The Part-Time Blog of a Full-Time Indian: Privileges for elders a form of glorified banishment?

January 06, 2010

The Part-Time Blog of a Full-Time Indian: Privileges for elders a form of glorified banishment?
Gyasi logoPublished widely in Native American newspapers and websites, Gyasi Ross has kindly volunteered to share his blogs here on Look for his writings, The Part-Time Blog of a Full-Time Indian, the first Wednesday of every month.


She was born 65 years ago today, in a cold, long winter in the year 1928. She didn't feel "old," yet she was now considered by everyone around to be an "elder." She was expected to be wise and sage now - a resource, and even someone to be revered.

Her people gave her special status - a cool jacket that said "elder," a parking space and special seating at the bingo hall. She even gets special accommodation, away from the rest of her people, in elder's housing. She gets all of this because she saw, in first person, some of the "old days" and the "old ways." Her dad taught her many of the old ways, as did her auntie, who she went to live with when her dad died.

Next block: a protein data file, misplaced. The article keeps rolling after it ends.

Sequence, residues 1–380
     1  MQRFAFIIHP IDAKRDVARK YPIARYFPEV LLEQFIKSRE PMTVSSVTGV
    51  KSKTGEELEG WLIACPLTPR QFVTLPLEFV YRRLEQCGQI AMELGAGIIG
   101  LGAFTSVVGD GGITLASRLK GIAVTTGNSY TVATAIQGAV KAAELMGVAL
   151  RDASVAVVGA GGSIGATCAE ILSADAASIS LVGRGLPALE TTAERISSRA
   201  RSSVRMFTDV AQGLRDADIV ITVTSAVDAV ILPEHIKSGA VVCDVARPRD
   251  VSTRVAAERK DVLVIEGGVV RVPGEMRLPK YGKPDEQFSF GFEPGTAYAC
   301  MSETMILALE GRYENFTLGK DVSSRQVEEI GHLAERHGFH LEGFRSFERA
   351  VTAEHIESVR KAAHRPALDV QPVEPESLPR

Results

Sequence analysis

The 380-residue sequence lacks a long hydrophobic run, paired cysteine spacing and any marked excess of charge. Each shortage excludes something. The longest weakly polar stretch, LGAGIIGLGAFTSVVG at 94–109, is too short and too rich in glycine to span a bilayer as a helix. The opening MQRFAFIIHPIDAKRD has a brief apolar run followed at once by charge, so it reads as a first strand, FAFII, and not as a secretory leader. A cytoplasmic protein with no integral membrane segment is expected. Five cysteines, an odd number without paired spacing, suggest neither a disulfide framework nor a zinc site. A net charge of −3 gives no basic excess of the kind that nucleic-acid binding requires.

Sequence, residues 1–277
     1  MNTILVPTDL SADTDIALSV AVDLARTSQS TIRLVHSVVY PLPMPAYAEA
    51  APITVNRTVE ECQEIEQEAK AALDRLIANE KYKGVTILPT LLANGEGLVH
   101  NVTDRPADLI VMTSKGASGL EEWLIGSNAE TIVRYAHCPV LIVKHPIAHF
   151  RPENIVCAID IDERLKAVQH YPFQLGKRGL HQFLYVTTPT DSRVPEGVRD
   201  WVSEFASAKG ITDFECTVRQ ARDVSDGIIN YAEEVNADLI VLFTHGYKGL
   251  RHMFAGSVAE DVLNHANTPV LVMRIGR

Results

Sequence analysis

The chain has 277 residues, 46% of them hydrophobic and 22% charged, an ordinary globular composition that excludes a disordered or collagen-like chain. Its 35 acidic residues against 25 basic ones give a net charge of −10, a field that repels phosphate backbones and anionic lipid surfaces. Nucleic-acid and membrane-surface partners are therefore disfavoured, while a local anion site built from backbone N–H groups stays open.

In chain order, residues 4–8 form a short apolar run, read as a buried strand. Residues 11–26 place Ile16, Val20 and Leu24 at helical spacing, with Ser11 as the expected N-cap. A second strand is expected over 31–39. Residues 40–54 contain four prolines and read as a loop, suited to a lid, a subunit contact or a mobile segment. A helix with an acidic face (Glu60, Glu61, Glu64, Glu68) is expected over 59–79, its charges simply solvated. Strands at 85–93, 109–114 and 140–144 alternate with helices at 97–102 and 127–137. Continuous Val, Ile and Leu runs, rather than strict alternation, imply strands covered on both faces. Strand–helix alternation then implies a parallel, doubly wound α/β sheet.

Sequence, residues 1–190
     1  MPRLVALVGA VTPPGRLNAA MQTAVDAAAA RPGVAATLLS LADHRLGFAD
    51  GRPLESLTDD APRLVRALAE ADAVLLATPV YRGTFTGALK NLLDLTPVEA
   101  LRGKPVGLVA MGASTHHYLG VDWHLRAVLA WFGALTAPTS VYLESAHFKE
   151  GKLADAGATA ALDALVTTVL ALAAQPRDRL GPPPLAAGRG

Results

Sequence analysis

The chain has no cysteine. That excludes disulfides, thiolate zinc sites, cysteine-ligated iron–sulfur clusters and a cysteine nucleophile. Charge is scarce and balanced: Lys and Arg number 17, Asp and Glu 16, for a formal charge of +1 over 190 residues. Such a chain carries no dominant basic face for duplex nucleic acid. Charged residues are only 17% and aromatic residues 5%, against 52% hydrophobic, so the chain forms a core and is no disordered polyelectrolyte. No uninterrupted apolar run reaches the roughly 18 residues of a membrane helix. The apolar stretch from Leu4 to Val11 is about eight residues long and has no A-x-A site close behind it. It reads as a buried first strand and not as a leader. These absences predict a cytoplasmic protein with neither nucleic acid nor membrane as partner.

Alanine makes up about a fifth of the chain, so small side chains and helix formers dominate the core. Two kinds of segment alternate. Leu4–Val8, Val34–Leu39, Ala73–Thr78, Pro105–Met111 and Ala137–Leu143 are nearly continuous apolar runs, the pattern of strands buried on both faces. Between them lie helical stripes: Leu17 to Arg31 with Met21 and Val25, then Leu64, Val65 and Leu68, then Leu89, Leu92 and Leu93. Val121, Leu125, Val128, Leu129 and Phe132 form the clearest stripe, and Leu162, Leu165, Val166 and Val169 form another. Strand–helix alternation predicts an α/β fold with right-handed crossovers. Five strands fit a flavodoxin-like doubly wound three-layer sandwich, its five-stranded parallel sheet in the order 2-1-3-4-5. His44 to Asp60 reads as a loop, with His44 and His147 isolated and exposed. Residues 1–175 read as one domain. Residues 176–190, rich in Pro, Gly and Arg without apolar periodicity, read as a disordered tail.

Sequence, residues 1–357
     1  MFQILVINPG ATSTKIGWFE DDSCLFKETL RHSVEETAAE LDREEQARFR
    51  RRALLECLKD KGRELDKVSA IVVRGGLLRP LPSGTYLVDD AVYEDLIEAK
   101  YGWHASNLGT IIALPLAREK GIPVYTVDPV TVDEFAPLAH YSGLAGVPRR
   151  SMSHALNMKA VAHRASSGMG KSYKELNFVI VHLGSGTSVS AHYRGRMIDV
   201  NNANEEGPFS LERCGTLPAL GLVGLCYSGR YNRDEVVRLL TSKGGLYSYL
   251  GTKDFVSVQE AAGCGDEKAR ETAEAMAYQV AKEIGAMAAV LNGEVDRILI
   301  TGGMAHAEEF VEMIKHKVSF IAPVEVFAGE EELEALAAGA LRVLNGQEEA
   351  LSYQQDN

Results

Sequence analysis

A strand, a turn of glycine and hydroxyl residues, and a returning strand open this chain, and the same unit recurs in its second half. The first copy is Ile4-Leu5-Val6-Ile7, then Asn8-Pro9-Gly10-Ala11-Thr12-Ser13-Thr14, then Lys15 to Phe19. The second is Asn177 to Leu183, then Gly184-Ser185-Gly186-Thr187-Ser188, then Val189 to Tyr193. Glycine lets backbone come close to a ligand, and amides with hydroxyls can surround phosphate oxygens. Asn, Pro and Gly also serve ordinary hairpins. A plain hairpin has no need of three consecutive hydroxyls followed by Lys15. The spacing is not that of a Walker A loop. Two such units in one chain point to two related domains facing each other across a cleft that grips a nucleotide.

And today was her birthday. Aug. 16, 1993.

Her dad died when she was 10 years old as a much respected old man. He was a stalwart in the community and survived the Marias Massacre when he was 3 years old. He was living history. On that fateful morning of the massacre in the winter of 1870, her dad - small and naked - ran through the pile of dead women and children and dove into the icy waters of the Marias River, dodging bullets from the U.S. Calvary. Her dad stayed in the river for several hours until the winter's early nightfall and somehow crawled back to the camp purple-colored and hungry, with frostbitten feet. When the men of the camp came back from hunting, they saw this little boy freezing to death amidst the many frozen stiff women and children and - in their mourning - were thankful that this little boy survived. They had to rescue him - he was a gift.

A symbol of life and hope

Wilma's dad was a sign of hope to those heartbroken men. He symbolized "life" in the midst of senseless death.

Wilma is the daughter of that strong man. Her father outlived Wilma's mother and her two younger brothers. They passed from a variety of maladies - his mom and a child brother from tuberculosis, and the other brother from cirrhosis. She remembers watching her dad later on as an old man, and the way people responded to him when he waved at them with his walking stick. He would limp into the mercantile store, his foot never quite-recovered from frostbite (he lost two toes on his right foot), flashing his toothless grin. He greeted everybody, not just those who greeted him first.